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June 2010

Night Of The Living Dead 3D

cast: Brianna Brown, Joshua DesRoches, Sid Haig, and Greg Travis

director: Jeff Broadstreet

84 minutes (18) 2006
widescreen ratio 1.85:1
Stax DVD Region 2 retail

RATING: 3/10
review by Adam Hartley

Night Of The Living Dead 3D

First of all, this is not the 1968 George Romero classic. This is a 3D remake incorporating the main plot ideas and for some unknown reason, out of place footage from the original. To address the 3D aspect it unfortunately uses the old anaglyph approach viewed through red and blue glasses, an experience which although occasionally is rewarding the glasses had to be removed at a number of points to avoid headaches and eye-strain.

Having already warranted a remake in 1990 the 3D version doesn't really bring anything extra to the table apart from the obvious 3D which, as mentioned, isn't actually that good. Due to the original never being properly copyrighted this remake was possible without any permission from the original creators. This also seems to be the reason why original footage can be inexplicably used in places (the family are shown to be watching the original on television).

It was Romero's original that really created a new subgenre of horror in the form of zombie movies. His vision of a zombie apocalypse revolutionised not only our conception of zombies but also our expectations of a horror film. At the time his film was probably the scariest of its kind, mainly due to the sheer size and idea of it as well as the level of gore. Now, however, audiences have become desensitised to such gore and although the film attempts to recreate a classic it falls flat of being really scary.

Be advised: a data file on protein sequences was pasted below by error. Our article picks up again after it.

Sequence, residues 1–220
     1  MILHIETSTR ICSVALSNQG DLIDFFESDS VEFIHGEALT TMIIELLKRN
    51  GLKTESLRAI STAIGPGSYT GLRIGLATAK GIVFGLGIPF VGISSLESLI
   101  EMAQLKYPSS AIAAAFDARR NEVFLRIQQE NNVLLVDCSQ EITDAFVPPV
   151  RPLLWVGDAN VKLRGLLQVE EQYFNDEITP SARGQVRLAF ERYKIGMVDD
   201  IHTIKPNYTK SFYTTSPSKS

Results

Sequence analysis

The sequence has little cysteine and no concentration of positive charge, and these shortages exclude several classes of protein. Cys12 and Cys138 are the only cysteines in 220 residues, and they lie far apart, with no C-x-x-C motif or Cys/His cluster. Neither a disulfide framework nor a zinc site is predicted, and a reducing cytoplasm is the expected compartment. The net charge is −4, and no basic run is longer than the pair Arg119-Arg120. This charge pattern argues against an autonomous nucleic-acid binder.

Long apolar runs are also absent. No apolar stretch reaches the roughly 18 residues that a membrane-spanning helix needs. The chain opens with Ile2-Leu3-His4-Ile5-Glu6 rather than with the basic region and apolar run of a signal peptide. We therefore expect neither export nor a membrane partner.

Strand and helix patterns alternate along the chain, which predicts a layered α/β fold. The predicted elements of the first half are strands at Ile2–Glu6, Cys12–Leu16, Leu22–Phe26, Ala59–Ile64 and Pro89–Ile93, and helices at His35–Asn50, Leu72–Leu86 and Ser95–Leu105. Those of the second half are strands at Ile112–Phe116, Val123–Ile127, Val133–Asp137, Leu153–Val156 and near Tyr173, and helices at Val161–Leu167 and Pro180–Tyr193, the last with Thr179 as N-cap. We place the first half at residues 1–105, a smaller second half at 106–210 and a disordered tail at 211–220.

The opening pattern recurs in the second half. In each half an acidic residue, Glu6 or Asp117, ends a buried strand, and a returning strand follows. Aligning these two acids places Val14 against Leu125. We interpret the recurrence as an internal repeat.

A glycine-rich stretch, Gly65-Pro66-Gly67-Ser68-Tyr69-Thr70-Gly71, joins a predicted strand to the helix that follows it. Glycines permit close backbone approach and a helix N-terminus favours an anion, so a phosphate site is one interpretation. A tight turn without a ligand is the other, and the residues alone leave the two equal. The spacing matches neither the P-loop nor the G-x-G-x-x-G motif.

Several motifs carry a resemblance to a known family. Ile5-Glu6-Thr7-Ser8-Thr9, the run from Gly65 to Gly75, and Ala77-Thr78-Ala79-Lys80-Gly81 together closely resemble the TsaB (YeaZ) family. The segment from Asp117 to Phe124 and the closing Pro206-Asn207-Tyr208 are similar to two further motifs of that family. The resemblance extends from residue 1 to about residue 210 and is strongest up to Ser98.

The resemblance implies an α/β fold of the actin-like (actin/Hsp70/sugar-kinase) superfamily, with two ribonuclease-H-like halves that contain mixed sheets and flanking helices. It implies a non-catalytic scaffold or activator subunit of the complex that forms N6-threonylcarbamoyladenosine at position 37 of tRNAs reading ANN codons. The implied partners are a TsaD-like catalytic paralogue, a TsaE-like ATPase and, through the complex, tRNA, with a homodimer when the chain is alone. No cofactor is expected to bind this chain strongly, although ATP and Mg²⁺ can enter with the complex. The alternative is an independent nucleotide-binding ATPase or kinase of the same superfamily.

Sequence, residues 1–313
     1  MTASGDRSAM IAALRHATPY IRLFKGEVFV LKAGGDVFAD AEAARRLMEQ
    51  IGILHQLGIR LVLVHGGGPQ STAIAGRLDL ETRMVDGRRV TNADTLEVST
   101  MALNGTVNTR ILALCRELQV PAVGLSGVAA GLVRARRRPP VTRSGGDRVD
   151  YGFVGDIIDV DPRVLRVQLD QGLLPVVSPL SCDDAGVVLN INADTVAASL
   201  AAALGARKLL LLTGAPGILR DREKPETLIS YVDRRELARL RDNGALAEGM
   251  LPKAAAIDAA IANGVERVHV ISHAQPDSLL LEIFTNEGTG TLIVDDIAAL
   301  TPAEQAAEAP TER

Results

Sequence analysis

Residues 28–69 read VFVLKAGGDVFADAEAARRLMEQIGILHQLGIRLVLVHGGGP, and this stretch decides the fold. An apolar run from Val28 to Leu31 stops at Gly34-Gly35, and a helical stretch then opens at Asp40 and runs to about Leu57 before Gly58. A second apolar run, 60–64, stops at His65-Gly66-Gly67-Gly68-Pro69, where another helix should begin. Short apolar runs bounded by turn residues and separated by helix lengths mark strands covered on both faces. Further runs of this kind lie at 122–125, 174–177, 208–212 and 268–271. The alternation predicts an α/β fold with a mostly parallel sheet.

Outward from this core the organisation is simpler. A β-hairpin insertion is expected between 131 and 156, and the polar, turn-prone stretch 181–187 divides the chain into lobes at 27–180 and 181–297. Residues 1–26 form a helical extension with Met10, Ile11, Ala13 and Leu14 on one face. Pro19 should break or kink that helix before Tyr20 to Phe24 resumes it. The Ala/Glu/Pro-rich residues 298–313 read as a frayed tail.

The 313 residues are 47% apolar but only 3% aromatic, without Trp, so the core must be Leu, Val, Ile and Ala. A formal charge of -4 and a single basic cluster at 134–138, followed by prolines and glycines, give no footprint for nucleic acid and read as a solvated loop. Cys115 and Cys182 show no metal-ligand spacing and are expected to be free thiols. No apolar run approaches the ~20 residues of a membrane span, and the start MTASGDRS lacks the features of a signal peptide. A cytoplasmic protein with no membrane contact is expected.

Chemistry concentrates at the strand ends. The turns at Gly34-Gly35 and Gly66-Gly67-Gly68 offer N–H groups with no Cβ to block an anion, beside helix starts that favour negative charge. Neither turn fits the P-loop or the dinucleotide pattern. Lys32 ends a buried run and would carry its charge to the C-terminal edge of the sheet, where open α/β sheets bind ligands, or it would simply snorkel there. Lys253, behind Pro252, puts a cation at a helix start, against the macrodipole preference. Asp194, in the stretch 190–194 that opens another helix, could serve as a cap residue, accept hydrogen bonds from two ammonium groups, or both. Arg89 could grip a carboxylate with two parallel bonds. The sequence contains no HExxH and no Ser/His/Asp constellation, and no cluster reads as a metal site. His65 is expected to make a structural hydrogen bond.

The plot remains fairly similar with Barb (Brianna Brown) and her brother Johnny arriving late to their aunt's funeral. Here they get separated as they are attacked by a group of zombies and Barb ends up being rescued by Ben (Joshua DesRoches) and taken to his family's farmhouse. They then attempt to defend themselves against the undead as a zombie-apocalypse ensues.

Horror fans will recognise Sid Haig from House Of 1000 Corpses playing a sinister mortician who gives an explanation, albeit rather long, of the origins of the zombies. His presence is one of the few highlights of an otherwise bland remake.

The film seems to attempt a rather deliberate low budget look and feel but ultimately becomes too forced and self-referential. As for the 3D, after a few standout moments it's hardly worth the strain on the eyes and many viewers will be disappointed with the rest of what the film has to offer.



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